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Tool: Third-Party Risk Management Guide for Medical Labs

by | May 7, 2024 | Essential, Lab Industry Advisor, Tool

Key cybersecurity points to address when working with a third party that has access to protected health information

Cyberattacks are becoming more common and brazen in the healthcare industry, prompting many providers, including medical laboratories, to review their cybersecurity and resilience plans. However, as the recent Change Healthcare cyberattack illustrates, lab leaders also need to be wary of the risks posed by any third parties they do business with that may have access to protected health information (PHI) and other sensitive data. How can labs mitigate these risks? Brad Hibbert, chief operating officer and chief strategy officer at third-party risk management company Prevalent, offers the following key tips:

When choosing a third party that will have access to patient PHI:

  • Ensure you properly screen the company before signing a contract.

  • Check the company’s references and any media reports to get a sense of their reputation in the industry. Have they had any compliance violations or bad press?

  • Ask what certifications they have (PCI, SOC2, ISO 27001 Statement of Applicability, etc.) and ensure those certifications are up to date.

  • Ask if they offer user training. User training is critical as employees are often the means for cyberattackers to breach defenses via phishing attempts, etc.

  • Ask what safeguards they have in place. This includes data encryption, perimeter defenses (preventing hackers from getting in), security and privacy controls, etc.

  • What change controls or resilience plans do they have to mitigate the damage if a cyberattack does occur? What about an incident response plan?

  • Look at their data breach history. How many breaches have they had? What was their response to those breaches?

Signs that you may want to avoid a third-party company:

  • Negative press.

  • Compliance violations.

  • Lack of certifications or certifications that are not up to date.

  • Lack of adequate cybersecurity plans/measures.

  • A history of data breaches and failure to properly address those breaches.

How to ensure a third party is properly handling and protecting patient PHI and other sensitive data

  • When setting up the contract, ensure that privacy and security clauses are written into it.

  • Monitor and keep the contract up to date, ensuring the third party is meeting their obligations throughout. If a possible weakness or issue is found in the contract, update it to tighten security measures, etc.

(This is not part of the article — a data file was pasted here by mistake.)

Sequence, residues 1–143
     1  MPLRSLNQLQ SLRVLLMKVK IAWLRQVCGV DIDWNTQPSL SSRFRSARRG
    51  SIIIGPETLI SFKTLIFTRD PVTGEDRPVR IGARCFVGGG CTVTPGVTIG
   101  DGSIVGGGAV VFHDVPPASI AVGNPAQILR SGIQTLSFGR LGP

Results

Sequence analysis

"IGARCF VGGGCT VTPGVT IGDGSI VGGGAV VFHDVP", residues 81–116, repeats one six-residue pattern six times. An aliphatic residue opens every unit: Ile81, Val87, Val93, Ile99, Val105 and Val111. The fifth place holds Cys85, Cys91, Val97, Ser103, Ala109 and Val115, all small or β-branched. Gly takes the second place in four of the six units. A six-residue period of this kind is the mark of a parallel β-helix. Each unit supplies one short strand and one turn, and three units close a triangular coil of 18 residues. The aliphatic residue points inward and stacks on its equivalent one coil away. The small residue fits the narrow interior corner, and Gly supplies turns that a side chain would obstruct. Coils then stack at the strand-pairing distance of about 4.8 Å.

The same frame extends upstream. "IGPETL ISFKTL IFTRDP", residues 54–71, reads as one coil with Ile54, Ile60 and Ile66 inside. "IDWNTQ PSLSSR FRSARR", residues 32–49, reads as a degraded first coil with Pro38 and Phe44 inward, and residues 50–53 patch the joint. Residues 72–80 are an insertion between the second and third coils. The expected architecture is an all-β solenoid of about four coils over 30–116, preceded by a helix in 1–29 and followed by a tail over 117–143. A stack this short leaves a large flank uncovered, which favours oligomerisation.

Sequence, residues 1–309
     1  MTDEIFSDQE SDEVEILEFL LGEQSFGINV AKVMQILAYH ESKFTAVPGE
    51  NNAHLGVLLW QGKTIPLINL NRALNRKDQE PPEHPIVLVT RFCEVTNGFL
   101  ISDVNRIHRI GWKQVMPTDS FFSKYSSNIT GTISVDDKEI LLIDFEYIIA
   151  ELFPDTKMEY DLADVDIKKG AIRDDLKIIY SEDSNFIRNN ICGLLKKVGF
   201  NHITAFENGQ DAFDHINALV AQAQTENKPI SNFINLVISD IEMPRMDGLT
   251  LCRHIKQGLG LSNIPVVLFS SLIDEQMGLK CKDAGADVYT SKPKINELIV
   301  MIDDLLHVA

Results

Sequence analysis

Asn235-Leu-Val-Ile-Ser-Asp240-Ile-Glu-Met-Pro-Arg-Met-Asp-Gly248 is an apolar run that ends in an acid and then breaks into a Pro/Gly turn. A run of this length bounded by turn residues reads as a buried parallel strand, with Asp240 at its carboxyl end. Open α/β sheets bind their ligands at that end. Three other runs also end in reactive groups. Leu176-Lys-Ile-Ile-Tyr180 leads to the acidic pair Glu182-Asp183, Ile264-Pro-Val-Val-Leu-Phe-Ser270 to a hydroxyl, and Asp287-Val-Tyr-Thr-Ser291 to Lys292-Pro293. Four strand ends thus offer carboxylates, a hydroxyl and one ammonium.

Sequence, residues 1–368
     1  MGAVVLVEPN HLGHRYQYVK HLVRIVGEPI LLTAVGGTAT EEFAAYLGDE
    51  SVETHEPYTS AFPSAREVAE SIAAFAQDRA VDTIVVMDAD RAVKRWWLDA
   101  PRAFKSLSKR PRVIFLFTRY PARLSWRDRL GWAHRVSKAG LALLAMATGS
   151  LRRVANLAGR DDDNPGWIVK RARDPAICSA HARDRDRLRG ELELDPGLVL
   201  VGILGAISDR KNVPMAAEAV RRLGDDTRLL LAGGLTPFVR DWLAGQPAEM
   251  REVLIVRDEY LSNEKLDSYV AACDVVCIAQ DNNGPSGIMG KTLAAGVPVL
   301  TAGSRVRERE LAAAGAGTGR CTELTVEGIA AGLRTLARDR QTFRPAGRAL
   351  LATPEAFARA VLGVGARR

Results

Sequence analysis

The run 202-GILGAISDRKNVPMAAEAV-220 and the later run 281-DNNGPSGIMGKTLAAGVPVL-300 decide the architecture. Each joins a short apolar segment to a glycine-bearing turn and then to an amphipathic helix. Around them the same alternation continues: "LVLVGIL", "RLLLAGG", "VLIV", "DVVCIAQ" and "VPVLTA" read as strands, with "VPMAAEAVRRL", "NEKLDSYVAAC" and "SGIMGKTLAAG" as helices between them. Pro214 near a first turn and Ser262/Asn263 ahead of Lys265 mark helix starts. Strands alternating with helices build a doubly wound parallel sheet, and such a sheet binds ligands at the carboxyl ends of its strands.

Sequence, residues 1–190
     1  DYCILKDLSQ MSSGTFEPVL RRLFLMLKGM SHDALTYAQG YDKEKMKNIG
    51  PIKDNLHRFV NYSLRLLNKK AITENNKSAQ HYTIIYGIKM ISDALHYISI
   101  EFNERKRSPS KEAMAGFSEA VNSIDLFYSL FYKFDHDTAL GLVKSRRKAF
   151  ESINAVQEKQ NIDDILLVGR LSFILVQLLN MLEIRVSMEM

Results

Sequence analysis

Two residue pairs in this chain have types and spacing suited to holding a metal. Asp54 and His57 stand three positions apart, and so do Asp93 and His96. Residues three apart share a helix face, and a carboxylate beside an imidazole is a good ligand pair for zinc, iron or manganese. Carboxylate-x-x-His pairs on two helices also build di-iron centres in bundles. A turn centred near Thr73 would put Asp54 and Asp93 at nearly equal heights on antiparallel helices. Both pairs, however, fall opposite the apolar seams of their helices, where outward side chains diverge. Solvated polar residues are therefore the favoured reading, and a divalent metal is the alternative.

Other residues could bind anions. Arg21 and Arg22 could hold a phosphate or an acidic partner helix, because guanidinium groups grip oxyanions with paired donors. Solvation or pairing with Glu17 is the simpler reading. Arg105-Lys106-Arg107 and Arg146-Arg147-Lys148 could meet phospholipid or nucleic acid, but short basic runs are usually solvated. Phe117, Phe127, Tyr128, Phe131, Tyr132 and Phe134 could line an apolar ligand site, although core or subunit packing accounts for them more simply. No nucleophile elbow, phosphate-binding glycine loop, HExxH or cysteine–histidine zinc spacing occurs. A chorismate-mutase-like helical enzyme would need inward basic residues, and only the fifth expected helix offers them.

• Right-size depending on the third party. Don’t treat all parties the same. For example, a third party that is handling PHI will need a higher level of due diligence than one that’s not responsible for such information.

  • Review contracts at least annually.

  • Conduct an internal controls assessment into the third party’s data protection processes and measures currently in place. Be prepared to suggest remediations for areas where the third party falls short of your organization’s risk appetite.

  • Monitor for any compliance violations or bad press received by the third party, if any issues are found, don’t just record or report them, ensure they are addressed in the contract, remediation plan, etc., so the risk is reduced to a level you’re comfortable with.

What lab leaders can do before a third-party data breach occurs

  • Have resilience, breach response, and communications plans in place well in advance, so when a breach occurs, you’re ready to act immediately.

  • Stay up to date on potential vulnerabilities. For example, one recent trend is that the software supply chain is increasingly being targeted. This involves malicious code being injected into key software used by labs and other healthcare companies.

  • Explore insurance coverage for cybersecurity incidents. This is expensive but can be worth it, considering the increasing number of cyberattacks in the healthcare space.

What can lab leaders do in the event of a third-party breach involving PHI?

  • Follow the steps in your resilience and breach response plans to limit the damage.

  • Follow the steps of your communications plan to inform those impacted by the breach and to fulfil your obligations and requirements relating to any laws around reporting data breaches.

  • Review contracts. What clauses are in place relating to cybersecurity/data security? Are there any cybersecurity issues not addressed that need to be in response to the cyberattack?

What can labs do if a third party is found to be negligent in handling PHI?

  • Check your contracts with third parties. What are the third party’s obligations relating to privacy and cybersecurity?

  • Check your insurance coverage for cybersecurity incidents to see what you’re covered for.

  • Legal action against the third party may be warranted, particularly if the lab lacks insurance coverage for cybersecurity incidents, depending on the situation and the resources the lab has available.

Steps labs should take when they move on from a third party that handles patient PHI

  • Ensure that the third party destroys any PHI and other sensitive data in their possession.

  • “Follow the chain” to ensure that any additional parties the third party works with destroy the data as well.
    • Ensure you get a validation that the third party and all relevant entities they work with have destroyed the data, and be sure to limit physical and logical access to data as well.

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